Rotational Period

Orbital Period

Orbital Eccentricity

Orbital Inclination

Inclination of Axis

Mean Cloud Temperature

Main Atmospheric Component

Atmospheric Pressure

Apparent Magnitude

......

......

......

......

......

......

......

......

......

......

......

......

......

......

Johann Gottfried Galle

1846

30,744 miles (49,492 km)

13

2,798,116,000 miles (4,504,300,000 km)

15.8 hours

165 years

0.009

1.774 degrees

29.31 degrees

-315° F (-193° C)

Hydrogen

2 bars

7.84


Pluto & Charon

God of the Underworld

As we leave behind us the system of Neptune and its moons, we leave the world of the gas giants and approach the extreme outer limits of our solar system. This region is inhabited by many small, rocky worlds. This region is known as the Kuiper belt, and two of its most famous inhabitants are the planet Pluto and its single moon, Charon. The darkness and isolation of these two worlds has likened them to the underworld. In fact, Pluto was named after the Roman god of the underworld. Charon was named after the mythological figure who ferried the dead across the river Styx to Hades. Pluto was discovered in 1930 by Clyde W. Tombaugh at Lowell Observatory in Arizona. It was much too small to be seen by most telescopes of the time. Astronomers first theorized that a ninth planet might exist when they observed that something seemed to be exerting a gravitational pull on the planet Neptune. An in-depth sky survey finally turned up the tiny planet. Pluto is so far away from the Sun that it takes 248 Earth years to complete one orbit. The temperature here averages -382° F (-230° C).

The Twin Planets

For many decades, Pluto was thought to be alone in its dark corner of our solar system. But in 1978, Jim Christy discovered that Pluto had a companion. This moon, Charon, is more than half the size of its parent planet. In fact, many astronomers once referred to Pluto and Charon as "twin planets" because they are so close to each other in size. Because Charon is so large, it does not actually orbit around Pluto. Rather, the two bodies actually orbit around a common center of gravity somewhere between them. Pluto and Charon are also tidally locked in a synchronous orbit. Pluto's rotational period is 6.3 days. It takes 6.3 days for Charon to make one revolution around Pluto. Thus, the two bodies continuously face each other. In 2005, two additional moons were discovered by the Hubble Space Telescope. Named Nix and Hydra, these tiny moons orbit Pluto at three times the distance as Charon. The orbit of Pluto is so highly eccentric that is actually crosses inside the orbit of Neptune. Because of this, Pluto is actually closer to the Sun than Neptune for 20 years of its 248-year orbit. The 17-degree inclination of Pluto's orbit means that it there is no chance that it will eventually collide with Neptune.

In 2005, two new moons were discovered by the Hubble Space Telescope Pluto Companion Search Team on. Once the orbits were confirmed, the moons were assigned the names Nix and Hyrda. The names were chosen in part because the initials (NH) refer to the New Horizons mission, which is scheduled to orbit Pluto in the year 2015. In Greek mythology, Hydra was the 9 headed serpent who guarded the waters of the underworld and Nix was the goddess of the night. Two additional moons were discovered in 2011 and in 2012, bringing the total to five.

Features of Pluto and Charon

Very little is known about surface of Pluto and Charon. They are so tiny and so far away that even the Hubble space telescope has trouble resolving any surface features on their surfaces. With a diameter of only 1412 miles (2274 km), Pluto is not considered to be a planet. Instead, it belongs to a relatively new category of objects known as dwarf planets. Until recently, no one really knew why this small, rocky  object could be found among the giant gas planets of the outer solar system. But recent discoveries of many similar objects have answered that question. There may be hundreds, even thousands of Pluto-like objects lurking in the outer Solar System near the Kuiper belt. Between 1985 and 1990, the Earth was aligned with the orbits of Pluto and Charon in such a way that a series of eclipses would take place. Astronomers were able to take advantage of this situation to accurately determine the size of both Pluto and Charon, and to create the first image of Pluto showing some of its larger surface features. This revealed that Pluto is the second most contrasty body in the Solar System. Astronomers are hoping that a future space probe may one day be able to show us the surface of this strange and distant world. But until then, every new discovery will bring with it a long list of new questions.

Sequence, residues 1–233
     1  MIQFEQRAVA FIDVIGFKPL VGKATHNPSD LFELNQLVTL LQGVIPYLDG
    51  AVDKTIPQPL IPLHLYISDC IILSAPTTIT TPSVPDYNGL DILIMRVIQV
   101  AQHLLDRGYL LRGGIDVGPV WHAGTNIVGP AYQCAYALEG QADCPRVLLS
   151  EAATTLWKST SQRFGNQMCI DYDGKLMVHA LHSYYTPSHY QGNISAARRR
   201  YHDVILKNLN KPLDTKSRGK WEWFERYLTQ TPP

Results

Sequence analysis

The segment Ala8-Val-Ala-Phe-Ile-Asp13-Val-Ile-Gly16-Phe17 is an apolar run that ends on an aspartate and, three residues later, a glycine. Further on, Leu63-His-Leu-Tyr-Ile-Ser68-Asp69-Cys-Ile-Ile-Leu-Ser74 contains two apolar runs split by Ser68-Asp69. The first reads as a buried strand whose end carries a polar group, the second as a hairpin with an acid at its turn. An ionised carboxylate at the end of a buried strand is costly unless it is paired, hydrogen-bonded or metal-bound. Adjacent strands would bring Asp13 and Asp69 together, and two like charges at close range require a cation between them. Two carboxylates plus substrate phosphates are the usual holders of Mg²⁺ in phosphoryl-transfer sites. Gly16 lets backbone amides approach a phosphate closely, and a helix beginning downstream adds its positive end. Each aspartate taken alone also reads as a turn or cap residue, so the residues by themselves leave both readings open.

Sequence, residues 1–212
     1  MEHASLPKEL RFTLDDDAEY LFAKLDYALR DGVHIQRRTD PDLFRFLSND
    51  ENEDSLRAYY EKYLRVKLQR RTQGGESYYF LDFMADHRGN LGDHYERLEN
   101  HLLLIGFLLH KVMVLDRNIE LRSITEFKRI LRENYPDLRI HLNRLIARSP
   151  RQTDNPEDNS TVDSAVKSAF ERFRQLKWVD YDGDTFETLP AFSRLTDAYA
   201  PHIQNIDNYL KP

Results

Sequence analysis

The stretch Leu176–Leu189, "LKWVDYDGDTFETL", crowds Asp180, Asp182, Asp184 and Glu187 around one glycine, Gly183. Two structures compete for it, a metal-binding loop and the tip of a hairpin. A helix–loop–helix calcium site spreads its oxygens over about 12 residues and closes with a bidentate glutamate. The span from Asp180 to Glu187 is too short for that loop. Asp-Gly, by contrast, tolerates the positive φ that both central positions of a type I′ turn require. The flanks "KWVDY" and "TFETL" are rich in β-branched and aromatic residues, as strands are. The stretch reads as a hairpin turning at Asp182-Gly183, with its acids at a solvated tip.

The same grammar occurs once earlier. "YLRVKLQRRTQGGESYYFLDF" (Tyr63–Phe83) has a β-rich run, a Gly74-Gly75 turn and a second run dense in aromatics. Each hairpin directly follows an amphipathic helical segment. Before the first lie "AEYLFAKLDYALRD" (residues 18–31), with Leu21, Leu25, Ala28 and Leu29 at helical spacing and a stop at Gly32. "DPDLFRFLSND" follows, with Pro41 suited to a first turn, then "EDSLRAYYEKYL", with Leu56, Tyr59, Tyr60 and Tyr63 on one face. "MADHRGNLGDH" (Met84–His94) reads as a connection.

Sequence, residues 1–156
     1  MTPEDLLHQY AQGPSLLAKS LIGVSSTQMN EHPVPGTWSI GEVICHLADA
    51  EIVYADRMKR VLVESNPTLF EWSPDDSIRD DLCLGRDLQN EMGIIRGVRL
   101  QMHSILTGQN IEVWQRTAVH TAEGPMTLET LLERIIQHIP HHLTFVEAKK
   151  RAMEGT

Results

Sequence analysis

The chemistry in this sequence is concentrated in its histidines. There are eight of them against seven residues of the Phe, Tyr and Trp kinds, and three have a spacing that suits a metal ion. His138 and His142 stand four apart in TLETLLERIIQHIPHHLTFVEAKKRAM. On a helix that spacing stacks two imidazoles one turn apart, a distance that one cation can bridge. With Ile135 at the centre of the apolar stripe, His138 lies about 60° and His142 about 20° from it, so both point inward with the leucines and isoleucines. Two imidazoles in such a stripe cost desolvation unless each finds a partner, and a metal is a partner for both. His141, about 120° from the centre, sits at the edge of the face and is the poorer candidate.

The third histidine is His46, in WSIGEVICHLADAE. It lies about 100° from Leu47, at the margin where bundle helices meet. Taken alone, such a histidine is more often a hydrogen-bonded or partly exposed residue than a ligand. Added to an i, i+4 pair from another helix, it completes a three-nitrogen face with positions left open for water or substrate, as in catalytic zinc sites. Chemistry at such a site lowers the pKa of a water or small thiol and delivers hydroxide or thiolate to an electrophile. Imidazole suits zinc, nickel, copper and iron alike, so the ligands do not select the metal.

The Lost Planet

For years,many astronomers questioned the status of Pluto as one of the nine planets of the Solar System. They believed that Pluto and Charon could be asteroids or comets that somehow got locked into an orbit around the Sun. Soon after the discovery of the Kuiper belt, most astronomers began to think that these two bodies were actually rogue Kuiper objects and should not longer be classified as planets. The debate raged on for decades, supported by the public's fondness for their favorite planet. Finally, on August 24, 2006, the International Astronomical Union (IAU) decided to redefine the definition of a planet. This decision officially reclassified Pluto and Charon as dwarf planets. Only 76 years after its discovery, Pluto was quietly added to the list of minor planets and given the number 134340. It was the end of an era as the Solar System's ninth planet surrendered its title. Today, we know that many similar objects can be found in this region of space. Some are even larger and farther away than Pluto. The future holds the possibility of many exciting new discoveries as we continue to probe the darkness in search of Pluto's cousins.